To help journalists to gain a thorough understanding about water resources governance, hydropower and other water-use projects in the Mekong River, PanNature organised field visits not only within Viet Nam, but also in Laos, Cambodia and Thailand. The articles produced by journalists after the field visits were widely disseminated and served to spotlight potential risks threatening the Mekong Delta.

Journalist trip to Hydropower Plant in Hoa Thuan, Cao Bang Province. Photo: Hoang Chien/PanNature

“Witnessing hydropower development on the Mekong firsthand, and knowing about the impacts of changes in water flows to the livelihoods of communities enabled me to give a more detailed view of hydropower planning and development of upstream countries in the mainstream Mekong,” said Vo Manh Hung, a Vietnam News Agency reporter known by his pen name Hung Vo. Vo recently received a national media award for his reporting on the impacts of hydropower projects.

Meanwhile, on its news website ThienNhien.Net, the NGO wrote and published articles and briefing papers about water-use projects on the Mekong. PanNature also produced films about changes in the Mekong Delta, as well as a series of interviews with environmental activists and experts.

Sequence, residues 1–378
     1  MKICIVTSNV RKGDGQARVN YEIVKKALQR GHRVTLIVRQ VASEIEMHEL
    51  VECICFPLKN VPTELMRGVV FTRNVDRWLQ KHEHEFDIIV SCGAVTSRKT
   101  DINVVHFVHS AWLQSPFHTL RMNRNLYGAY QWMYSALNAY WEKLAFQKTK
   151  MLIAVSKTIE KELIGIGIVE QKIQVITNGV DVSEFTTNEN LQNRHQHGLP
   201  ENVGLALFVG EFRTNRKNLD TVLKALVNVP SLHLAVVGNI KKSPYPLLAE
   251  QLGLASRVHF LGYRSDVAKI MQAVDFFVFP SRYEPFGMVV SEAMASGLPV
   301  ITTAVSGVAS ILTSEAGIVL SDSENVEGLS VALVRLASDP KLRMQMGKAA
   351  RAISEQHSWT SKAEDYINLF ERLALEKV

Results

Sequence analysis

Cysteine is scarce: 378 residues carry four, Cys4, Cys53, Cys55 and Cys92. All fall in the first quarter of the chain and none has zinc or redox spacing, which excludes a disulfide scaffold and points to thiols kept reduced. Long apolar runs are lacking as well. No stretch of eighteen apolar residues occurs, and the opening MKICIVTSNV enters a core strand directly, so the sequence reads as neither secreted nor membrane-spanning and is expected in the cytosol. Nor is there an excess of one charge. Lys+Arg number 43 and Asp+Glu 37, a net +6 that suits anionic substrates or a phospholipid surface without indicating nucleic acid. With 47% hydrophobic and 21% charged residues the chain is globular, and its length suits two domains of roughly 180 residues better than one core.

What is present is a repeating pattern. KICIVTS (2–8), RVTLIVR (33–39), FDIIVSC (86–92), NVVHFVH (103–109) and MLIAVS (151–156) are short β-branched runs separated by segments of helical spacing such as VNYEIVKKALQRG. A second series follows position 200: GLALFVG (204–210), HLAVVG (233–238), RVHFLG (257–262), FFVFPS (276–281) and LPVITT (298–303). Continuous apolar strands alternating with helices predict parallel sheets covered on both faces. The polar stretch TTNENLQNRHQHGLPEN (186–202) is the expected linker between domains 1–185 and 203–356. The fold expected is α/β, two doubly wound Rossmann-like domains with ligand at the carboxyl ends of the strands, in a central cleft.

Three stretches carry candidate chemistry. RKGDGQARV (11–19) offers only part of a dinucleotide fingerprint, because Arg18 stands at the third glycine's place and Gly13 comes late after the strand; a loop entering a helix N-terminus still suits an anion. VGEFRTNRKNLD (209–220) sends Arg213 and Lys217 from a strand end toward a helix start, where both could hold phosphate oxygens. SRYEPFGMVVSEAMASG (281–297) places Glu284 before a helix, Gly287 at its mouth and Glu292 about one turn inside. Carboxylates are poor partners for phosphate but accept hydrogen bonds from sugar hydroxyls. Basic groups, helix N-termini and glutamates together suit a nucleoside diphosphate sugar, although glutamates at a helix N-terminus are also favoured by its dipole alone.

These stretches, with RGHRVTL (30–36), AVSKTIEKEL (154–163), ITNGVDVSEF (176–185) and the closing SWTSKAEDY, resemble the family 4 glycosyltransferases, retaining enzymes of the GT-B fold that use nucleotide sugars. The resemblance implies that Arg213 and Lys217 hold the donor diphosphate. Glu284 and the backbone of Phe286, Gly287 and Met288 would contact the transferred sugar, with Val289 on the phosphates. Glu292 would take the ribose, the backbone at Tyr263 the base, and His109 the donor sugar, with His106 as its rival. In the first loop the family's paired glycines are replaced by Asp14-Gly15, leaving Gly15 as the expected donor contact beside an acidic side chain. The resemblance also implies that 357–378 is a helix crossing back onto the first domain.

Public events and fora also served to raise awareness and focus government attention on the potential impacts of hydropower dams on the Mekong Delta. In the regional public forum “Local Mekong’s Voice: Message to Mekong Governments on Mekong Dams”, co-organized by the group, farmers were able to raise their concerns and expectations to policy makers. More importantly, their opinions were recorded in Viet Nam’s National Report to the International Mekong River Commission in the PNPCA process.

Many of the outputs from PanNature’s activities related to Mekong hydropower development have been used by other NGOs and governmental agencies, including the Viet Nam National Mekong Committee and the Ministry of Environment and Natural Resources.

With the public and policy makers’ enhanced awareness and understanding about the concerns of vulnerable communities in the Mekong, fishers like Sau and the millions of others whose lives and livelihoods are closely entwined with the life of the river, now have a better chance in ensuring that decision makers will take their concerns into account.

Founded in 2000, the Critical Ecosystem Partnership Fund is a global leader in enabling civil society to participate in and benefit from conserving some of the world’s most critical ecosystems by providing grants for organisations to help protect biodiversity hotspots, Earth’s most biologically rich yet threatened areas. CEPF is a joint initiative of l’Agence Française de Développement, Conservation International (IUCN Member), the European Union, the Global Environment Facility, the Government of Japan (IUCN State Member), the MacArthur Foundation and the World Bank.

IUCN is leading the second phase of CEPF’s work in the Indo-Burma hotspot, working together with the Myanmar Environment Rehabilitation-conservation Network (MERN) and Kadoorie Farm and Botanic Garden (KFBG) to form the CEPF Regional Implementation Team (RIT).

Source: IUCN

Back To Top